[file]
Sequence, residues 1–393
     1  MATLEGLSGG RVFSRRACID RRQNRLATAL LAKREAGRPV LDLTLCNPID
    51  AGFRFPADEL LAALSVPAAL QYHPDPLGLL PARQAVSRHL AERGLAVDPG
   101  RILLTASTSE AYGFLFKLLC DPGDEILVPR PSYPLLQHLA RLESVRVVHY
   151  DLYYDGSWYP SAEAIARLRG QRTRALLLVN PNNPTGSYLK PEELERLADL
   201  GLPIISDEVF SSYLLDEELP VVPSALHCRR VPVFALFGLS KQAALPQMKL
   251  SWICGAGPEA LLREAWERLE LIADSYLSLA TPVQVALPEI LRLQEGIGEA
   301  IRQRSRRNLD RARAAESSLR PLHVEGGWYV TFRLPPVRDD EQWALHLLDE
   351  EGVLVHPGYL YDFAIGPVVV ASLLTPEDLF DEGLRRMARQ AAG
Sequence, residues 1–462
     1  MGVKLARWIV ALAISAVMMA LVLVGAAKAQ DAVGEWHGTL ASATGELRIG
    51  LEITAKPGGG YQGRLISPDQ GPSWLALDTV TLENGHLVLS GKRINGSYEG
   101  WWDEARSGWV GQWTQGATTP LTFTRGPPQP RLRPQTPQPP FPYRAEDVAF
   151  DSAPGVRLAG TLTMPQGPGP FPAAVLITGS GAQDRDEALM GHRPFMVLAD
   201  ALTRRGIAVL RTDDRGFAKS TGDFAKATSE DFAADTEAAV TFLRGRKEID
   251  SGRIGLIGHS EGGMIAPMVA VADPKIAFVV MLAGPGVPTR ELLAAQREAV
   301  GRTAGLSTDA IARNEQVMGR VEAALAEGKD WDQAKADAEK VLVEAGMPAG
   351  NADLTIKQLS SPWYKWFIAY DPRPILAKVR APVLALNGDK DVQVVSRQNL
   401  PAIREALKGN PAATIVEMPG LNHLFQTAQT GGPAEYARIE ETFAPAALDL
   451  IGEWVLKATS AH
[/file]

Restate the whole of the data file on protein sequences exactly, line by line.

Sequence, residues 1–393
     1  MATLEGLSGG RVFSRRACID RRQNRLATAL LAKREAGRPV LDLTLCNPID
    51  AGFRFPADEL LAALSVPAAL QYHPDPLGLL PARQAVSRHL AERGLAVDPG
   101  RILLTASTSE AYGFLFKLLC DPGDEILVPR PSYPLLQHLA RLESVRVVHY
   151  DLYYDGSWYP SAEAIARLRG QRTRALLLVN PNNPTGSYLK PEELERLADL
   201  GLPIISDEVF SSYLLDEELP VVPSALHCRR VPVFALFGLS KQAALPQMKL
   251  SWICGAGPEA LLREAWERLE LIADSYLSLA TPVQVALPEI LRLQEGIGEA
   301  IRQRSRRNLD RARAAESSLR PLHVEGGWYV TFRLPPVRDD EQWALHLLDE
   351  EGVLVHPGYL YDFAIGPVVV ASLLTPEDLF DEGLRRMARQ AAG
Sequence, residues 1–462
     1  MGVKLARWIV ALAISAVMMA LVLVGAAKAQ DAVGEWHGTL ASATGELRIG
    51  LEITAKPGGG YQGRLISPDQ GPSWLALDTV TLENGHLVLS GKRINGSYEG
   101  WWDEARSGWV GQWTQGATTP LTFTRGPPQP RLRPQTPQPP FPYRAEDVAF
   151  DSAPGVRLAG TLTMPQGPGP FPAAVLITGS GAQDRDEALM GHRPFMVLAD
   201  ALTRRGIAVL RTDDRGFAKS TGDFAKATSE DFAADTEAAV TFLRGRKEID
   251  SGRIGLIGHS EGGMIAPMVA VADPKIAFVV MLAGPGVPTR ELLAAQREAV
   301  GRTAGLSTDA IARNEQVMGR VEAALAEGKD WDQAKADAEK VLVEAGMPAG
   351  NADLTIKQLS SPWYKWFIAY DPRPILAKVR APVLALNGDK DVQVVSRQNL
   401  PAIREALKGN PAATIVEMPG LNHLFQTAQT GGPAEYARIE ETFAPAALDL
   451  IGEWVLKATS AH